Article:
Impose death penalty on foreign drug traffickers
The rampant smuggling of illegal drugs is inflicting very serious damage on our nation.
The seizure last Tuesday of 166.5 kilos of “shabu” from a mall parking lot and a house at the posh Ayala Alabang Village, plus the discovery three days later of 276 kilos of shabu worth P1.8 billion in a plastic resins shipment at the Manila International Container Port, are eye openers. According to the Philippine Drug Enforcement Agency (PDEA), the confiscated drugs belong to the Golden Triangle triad.
On March 12, a “top ecstasy supplier” in Metro Manila identified by the PDEA as Steve Pasion was killed in Manila. His live-in partner was arrested. A total of P6.075 million worth of liquid ecstasy and party drugs were seized from the couple whose customers included young students, millennials and yuppies.
In Cebu province, the police says a businesswoman from an affluent family who is known in social circles runs a 15-member drug distribution channel. Around 11 members of the ring have been arrested and are now giving the police information. The PDEA believes the group’s drug supply came from the Sinaloa Cartel.
PDEA director general Aaron Aquino says our country is a favorite destination of foreign drug syndicates because they could “buy everyone” here. Aquino is pushing for Congress to revive the death penalty but only for foreign drug suppliers. Sadly, his agency’s 2019 budget was slashed by 40 percent by our feuding legislators.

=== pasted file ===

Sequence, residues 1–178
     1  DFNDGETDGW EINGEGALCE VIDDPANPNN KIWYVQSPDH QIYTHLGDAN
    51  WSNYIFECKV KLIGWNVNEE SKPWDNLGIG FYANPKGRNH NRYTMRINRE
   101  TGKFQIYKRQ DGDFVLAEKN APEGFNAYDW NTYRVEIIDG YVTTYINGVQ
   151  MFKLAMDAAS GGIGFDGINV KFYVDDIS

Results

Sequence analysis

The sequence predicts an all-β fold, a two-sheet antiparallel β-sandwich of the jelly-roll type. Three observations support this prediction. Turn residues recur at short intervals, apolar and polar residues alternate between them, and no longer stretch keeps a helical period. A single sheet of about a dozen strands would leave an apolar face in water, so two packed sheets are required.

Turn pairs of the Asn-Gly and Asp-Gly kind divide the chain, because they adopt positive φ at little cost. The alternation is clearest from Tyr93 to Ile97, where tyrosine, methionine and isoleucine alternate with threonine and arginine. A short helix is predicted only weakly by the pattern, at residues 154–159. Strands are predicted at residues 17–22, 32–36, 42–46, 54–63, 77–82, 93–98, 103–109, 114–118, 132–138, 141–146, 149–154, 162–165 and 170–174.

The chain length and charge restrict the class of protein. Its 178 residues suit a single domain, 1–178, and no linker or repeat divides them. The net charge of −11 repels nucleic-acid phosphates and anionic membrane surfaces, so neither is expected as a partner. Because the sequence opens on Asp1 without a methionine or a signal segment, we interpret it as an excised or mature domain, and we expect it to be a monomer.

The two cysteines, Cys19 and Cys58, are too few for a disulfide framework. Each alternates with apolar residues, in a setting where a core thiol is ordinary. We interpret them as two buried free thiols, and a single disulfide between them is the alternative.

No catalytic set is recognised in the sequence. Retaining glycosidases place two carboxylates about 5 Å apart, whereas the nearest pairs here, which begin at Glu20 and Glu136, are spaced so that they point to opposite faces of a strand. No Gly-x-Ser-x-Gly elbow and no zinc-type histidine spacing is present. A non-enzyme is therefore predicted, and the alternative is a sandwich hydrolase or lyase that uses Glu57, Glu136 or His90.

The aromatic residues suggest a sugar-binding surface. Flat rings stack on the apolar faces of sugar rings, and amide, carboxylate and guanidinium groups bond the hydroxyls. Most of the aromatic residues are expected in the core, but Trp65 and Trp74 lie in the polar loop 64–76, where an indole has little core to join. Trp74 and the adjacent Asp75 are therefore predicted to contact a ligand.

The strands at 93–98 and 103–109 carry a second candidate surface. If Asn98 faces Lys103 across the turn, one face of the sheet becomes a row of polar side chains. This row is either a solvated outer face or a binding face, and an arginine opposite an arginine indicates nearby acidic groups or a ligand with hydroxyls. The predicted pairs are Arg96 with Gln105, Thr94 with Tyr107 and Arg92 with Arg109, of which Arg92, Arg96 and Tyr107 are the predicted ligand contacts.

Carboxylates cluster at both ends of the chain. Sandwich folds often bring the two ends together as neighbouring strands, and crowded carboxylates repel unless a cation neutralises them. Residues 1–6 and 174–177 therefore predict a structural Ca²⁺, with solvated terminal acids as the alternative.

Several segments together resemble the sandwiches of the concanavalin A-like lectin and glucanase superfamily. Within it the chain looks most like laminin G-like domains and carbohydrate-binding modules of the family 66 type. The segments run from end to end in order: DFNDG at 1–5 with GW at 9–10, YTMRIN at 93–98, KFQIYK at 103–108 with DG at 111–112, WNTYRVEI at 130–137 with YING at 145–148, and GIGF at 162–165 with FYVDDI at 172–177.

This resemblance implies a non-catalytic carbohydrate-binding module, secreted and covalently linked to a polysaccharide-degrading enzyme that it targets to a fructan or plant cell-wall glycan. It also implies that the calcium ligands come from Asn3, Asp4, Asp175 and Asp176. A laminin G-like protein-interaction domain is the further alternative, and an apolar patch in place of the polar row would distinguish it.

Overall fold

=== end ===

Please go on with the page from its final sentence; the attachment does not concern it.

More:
I think it is about time we revisit the proposal to execute foreign drug suppliers. If his numbers are correct, President Duterte says 1.6 million Filipinos are using shabu in urban areas. Even high school students are now couriers while more and more couples, with the knowledge of their children, are getting involved in this illegal “cottage industry.”
The Philippines, along with Cambodia, is one of the few remaining countries in the region that have abolished the death penalty.
Indonesia, Malaysia, Thailand, Vietnam, Sri Lanka, Taiwan, Brunei, Laos and Singapore have executed foreign drug suppliers, thus discouraging the “open entry” of drug cartels.
Let’s cut off the supply and cut it cleanly. We must impose the death penalty now on foreign drug suppliers.
If the Duterte administration is dead serious in protecting us from bad water service and spiraling water bills, he should kick out the present leadership and change the “culture” at the Manila Waterworks and Sewerage System (MWSS).
For the past 22 years, the MWSS has been a “stamp pad” of the two water concessionaires, contrary to its mandate to uphold people’s interest.
And the biggest sin perhaps is the declaration of an “MWSS technical group” that Manila Water Co Inc. and Maynilad Water Services Inc. are “agents” and not “public utilities.” As agents, they are not subject to a 12-percent profit cap and their operations cannot be examined by the Commission on Audit.
The President could simply overrule this MWSS technical group and declare both concessionaires public utilities.
Another option is to place the MWSS Regulatory Office under the Office of the President and move the agency out of the MWSS compound to give it real independence, clout and credibility in regulating Maynilad, Manila Water and MWSS.
Tune in to the “Banner Story” radio-TV show, 6-9 a.m., Monday-Friday on dzIQ (990AM).
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